Architects and urban planners face unique challenges when it comes to acoustics for urban design projects. Cities are noisy places. The variables are endless: transportation, industry, construction, central plants, night life, people. These sounds come together to create either the exciting hum of an energetic streetscape or a bothersome noisescape that results in a huge problem for your client.
Add to that mix the incredible subjectivity of how individuals respond to noise (i.e. What may not be a problem for one client inspires litigation for another). Not only that, but noise ordinances vary greatly from city to city. Then there is the issue that new buildings (or new building equipment) can create a new sound problem for neighbors that hadn’t existed before.
All in all, it’s easy to see why acoustics can be such a headache for urban designers, which is why we want to share some basic resources for architects to make having the conversations about acoustics easier.
1. Simple terms to know and how acoustic issues in urban design get solved.
Acoustics is the umbrella term for several disciplines. Here’s what comes into play for architects working in urban areas:
- Room Acoustics: The discipline of controlling sound within the interior of a space. This is usually accomplished through finish materials, surface shaping, and room shaping.
- Sound Isolation: This discipline focuses on the transfer of sound between spaces or from sources external to the building. For external sources, control is usually accomplished through façade constructions (generally limited by the glazing) and barriers. Internally, this happens through partition and floor/ceiling construction, door seals, and penetration details.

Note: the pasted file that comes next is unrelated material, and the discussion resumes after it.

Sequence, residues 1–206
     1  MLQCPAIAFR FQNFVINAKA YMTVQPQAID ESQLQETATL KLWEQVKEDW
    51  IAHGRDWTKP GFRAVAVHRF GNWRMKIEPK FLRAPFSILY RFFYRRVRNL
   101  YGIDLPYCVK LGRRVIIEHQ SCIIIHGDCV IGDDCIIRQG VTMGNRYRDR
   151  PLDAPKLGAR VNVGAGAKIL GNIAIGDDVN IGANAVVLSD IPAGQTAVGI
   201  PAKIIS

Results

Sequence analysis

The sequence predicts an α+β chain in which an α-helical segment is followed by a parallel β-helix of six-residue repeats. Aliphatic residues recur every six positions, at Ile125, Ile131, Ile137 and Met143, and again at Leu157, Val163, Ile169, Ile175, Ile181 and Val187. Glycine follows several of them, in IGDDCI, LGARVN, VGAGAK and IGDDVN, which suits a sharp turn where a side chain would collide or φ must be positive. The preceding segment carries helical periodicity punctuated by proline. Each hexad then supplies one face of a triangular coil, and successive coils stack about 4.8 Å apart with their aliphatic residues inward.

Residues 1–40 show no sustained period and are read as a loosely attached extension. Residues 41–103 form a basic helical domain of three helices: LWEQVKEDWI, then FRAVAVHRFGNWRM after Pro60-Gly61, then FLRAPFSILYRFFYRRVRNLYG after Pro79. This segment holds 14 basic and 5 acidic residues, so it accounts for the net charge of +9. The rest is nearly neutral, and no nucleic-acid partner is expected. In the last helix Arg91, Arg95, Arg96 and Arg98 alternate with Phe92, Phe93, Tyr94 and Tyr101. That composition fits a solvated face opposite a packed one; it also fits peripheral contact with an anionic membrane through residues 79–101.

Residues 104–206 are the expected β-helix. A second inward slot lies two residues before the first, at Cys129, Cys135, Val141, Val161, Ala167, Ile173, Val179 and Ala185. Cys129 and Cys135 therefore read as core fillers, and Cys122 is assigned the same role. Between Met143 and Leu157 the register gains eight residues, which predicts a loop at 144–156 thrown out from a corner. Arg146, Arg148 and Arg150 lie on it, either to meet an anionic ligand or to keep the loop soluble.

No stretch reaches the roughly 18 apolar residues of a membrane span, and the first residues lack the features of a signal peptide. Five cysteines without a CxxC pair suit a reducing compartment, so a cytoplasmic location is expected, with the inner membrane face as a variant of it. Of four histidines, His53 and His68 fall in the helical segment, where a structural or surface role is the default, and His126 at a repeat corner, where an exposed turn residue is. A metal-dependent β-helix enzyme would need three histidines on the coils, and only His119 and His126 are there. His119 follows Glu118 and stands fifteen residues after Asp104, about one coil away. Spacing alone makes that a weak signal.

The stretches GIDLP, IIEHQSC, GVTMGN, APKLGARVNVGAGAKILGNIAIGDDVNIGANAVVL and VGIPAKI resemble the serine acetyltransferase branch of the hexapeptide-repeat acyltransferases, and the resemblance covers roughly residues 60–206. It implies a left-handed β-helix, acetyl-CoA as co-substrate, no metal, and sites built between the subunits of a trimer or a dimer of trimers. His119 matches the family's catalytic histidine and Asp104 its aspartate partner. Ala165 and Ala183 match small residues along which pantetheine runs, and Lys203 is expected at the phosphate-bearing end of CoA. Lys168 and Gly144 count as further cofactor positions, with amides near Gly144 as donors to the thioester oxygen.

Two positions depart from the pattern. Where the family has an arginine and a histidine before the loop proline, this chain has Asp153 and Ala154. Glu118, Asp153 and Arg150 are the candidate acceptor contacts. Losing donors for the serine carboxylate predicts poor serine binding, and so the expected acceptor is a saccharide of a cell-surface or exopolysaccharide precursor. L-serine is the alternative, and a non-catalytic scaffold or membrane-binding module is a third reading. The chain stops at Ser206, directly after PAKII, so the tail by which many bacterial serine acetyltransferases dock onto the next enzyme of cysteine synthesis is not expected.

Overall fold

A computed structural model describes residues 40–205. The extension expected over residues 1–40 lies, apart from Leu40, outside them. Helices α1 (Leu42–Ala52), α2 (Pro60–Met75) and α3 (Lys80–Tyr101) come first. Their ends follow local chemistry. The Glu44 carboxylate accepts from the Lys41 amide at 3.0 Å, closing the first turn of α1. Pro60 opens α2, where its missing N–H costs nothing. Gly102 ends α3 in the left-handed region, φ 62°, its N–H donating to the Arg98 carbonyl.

- Noise and Vibration Control: This discipline deals with noise and vibration from mechanical, electrical, and plumbing systems. These issues get solved through strategic locations of mechanical plants and equipment, the equipment chosen, duct layouts and specialty isolation features.
- Environmental Acoustics: This discipline focuses on how the building is impacted (or impacts) the environment around it. Work includes analyzing site conditions through measurements, computer modeling, while also reviewing local noise ordinances local building codes.
2. What does a dB sound like?
Decibels (dB) are a unit of sound measurement that quantifies sound pressure level and sound power level. It’s common for a client (or an acoustician) to talk about sound in terms of a dB measurement when it comes to acoustics for urban design. But what does that mean?
Here’s a handy chart that relates dB levels to real world sounds. It provides a rule of thumb when someone starts talking numbers.
3. Typical noise criterion (NC) for different types of spaces
Noise criterion is a single-number noise rating system used to quantify continuous building system noise in a space. Here is a chart with some good rules of thumb for what different types of spaces should be.
4. Pitfalls in common contract language
Often the acoustic requirements for a building project in an urban area are set by the contract, either between the Developer and Design Team or between the Property Owner and Tenant. Here is the language to watch out for:
“Maximum allowable levels”